Sean Fortunato (Piero Morini) and Nicole Wiesner (Liz Norton) in “Part I: The Part About the Academics” of 2666 based on the novel by Robert Bolaño, adapted and directed by Robert Falls and Seth Bockley at Goodman Theatre. Photo by Liz Lauren.

First is the intellectual work and romantic entanglements of the academics, an Italian, a Frenchman, a Spaniard, and a woman from London, all united in seeing, and writing about, Archimboldi with love. The search takes three of them to follow the mysterious Archimboldi to Santa Teresa, Mexico. A border town dominated by American factories, located there to avoid regulation, Santa Teresa is known for the murders of hundreds of young women.

One strand linking people and plot is the investigation of these sadistic murders, more than one-thousand killings of young women, prostitutes, drifters, but mostly, women without protectors who come to Santa Teresa to work in the soulless factories. The gruesome nature of the murders shows fear and hatred of women, and defiance of law. The horrifying killings are addressed obliquely: through the inept, corrupt police investigation, by introducing those who report about the murders, and by suggesting who is behind them. 2666 becomes a deep, frightening commentary and celebration of women and men, the life force, and its destructive underside.

Henry Godinez (Oscar Amalfitano) in “Part II: The Part About Amalfitano” of 2666, based on the novel by Robert Bolaño, adapted and directed by Robert Falls and Seth Bockley at Goodman Theatre. Photo by Liz Lauren.

We meet those pursuing the truth of them: is it one murderer or many? Why aren’t the murders investigated? How can a girl escape the ominous black limousine which circles the homes of young women before they disappear and turn up as violated corpses in the Mexican desert? This is a brutal world where the law means nothing.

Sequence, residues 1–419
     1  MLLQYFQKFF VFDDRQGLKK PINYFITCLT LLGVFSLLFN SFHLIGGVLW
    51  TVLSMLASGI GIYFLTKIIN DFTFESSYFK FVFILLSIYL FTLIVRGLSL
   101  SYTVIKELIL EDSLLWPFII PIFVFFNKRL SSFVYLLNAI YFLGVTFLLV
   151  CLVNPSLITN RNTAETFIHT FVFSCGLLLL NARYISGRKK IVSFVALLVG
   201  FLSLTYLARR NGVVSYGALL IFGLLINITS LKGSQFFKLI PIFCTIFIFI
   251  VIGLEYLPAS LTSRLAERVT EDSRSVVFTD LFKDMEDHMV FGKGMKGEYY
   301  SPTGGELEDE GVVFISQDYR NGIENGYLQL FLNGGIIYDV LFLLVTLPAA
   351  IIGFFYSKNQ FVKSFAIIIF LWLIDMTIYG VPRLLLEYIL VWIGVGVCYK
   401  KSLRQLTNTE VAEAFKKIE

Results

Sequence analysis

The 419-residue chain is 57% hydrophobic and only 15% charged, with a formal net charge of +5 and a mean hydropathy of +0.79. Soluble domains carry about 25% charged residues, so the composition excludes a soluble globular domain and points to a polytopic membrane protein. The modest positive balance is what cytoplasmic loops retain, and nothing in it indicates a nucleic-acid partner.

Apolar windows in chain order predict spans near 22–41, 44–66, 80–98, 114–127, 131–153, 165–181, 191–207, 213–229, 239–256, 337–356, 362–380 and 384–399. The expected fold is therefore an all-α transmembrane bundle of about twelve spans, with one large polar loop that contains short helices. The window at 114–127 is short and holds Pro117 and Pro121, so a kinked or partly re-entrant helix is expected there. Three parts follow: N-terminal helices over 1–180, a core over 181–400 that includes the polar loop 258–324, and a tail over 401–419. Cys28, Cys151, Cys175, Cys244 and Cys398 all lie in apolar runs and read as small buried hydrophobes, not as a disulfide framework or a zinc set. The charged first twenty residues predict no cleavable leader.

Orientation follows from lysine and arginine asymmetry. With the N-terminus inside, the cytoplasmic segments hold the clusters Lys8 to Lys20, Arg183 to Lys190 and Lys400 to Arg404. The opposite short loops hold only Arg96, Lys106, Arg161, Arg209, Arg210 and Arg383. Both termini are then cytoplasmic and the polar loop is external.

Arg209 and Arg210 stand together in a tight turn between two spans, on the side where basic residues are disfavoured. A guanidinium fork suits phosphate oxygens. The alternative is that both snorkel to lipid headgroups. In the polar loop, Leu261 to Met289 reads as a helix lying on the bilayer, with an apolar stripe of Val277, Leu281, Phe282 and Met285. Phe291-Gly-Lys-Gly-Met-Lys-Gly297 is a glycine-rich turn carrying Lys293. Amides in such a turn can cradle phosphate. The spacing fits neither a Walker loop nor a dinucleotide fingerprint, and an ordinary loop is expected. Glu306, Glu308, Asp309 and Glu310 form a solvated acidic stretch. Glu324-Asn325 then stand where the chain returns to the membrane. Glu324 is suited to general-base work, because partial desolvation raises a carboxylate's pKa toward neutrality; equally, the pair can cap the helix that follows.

These fearsome murders in a sexually-charged atmosphere of anarchic violence and political corruption threaten to upend the piece as a meditation on misogyny, sadism, and the violence of hopelessness. Yet love between women and men keeps raising its head, and shaking its mane. The carnage of rape and unpunished murder threatens to drown the narrative, except that a flicker of hope, generosity, and kindness, keeps emerging within chaos, alongside the contempt for women on display.

The narrative tells us: the sexist jokes detectives tell while standing over the dead girls’ bodies partly explain why the murders happen and are tolerated. Yet there is one police investigator who doesn’t go along. This is one of a series of love stories, panties on the clothesline, which relieves the horror: the love of a man for his runaway wife, and her endangered daughter, the love of a police officer for the director of an asylum, an out-of-town reporter named Fate who rescues a girl facing doom, the love of Archimboldi for his sister, his wife, and his muse.

We don’t remain with one set of characters. We travel with the foolish, dreamy, and terrorized. Sharply-realized interactions anchor the sweep of the narrative. Much in this world goes wrong, yet the characters try to stay sane, salvage some goodness, find love, amid filth and hopelessness. Astonishingly, 2666 leads us out of horror, to love and hope, even if only in a dream, as corruption threatens.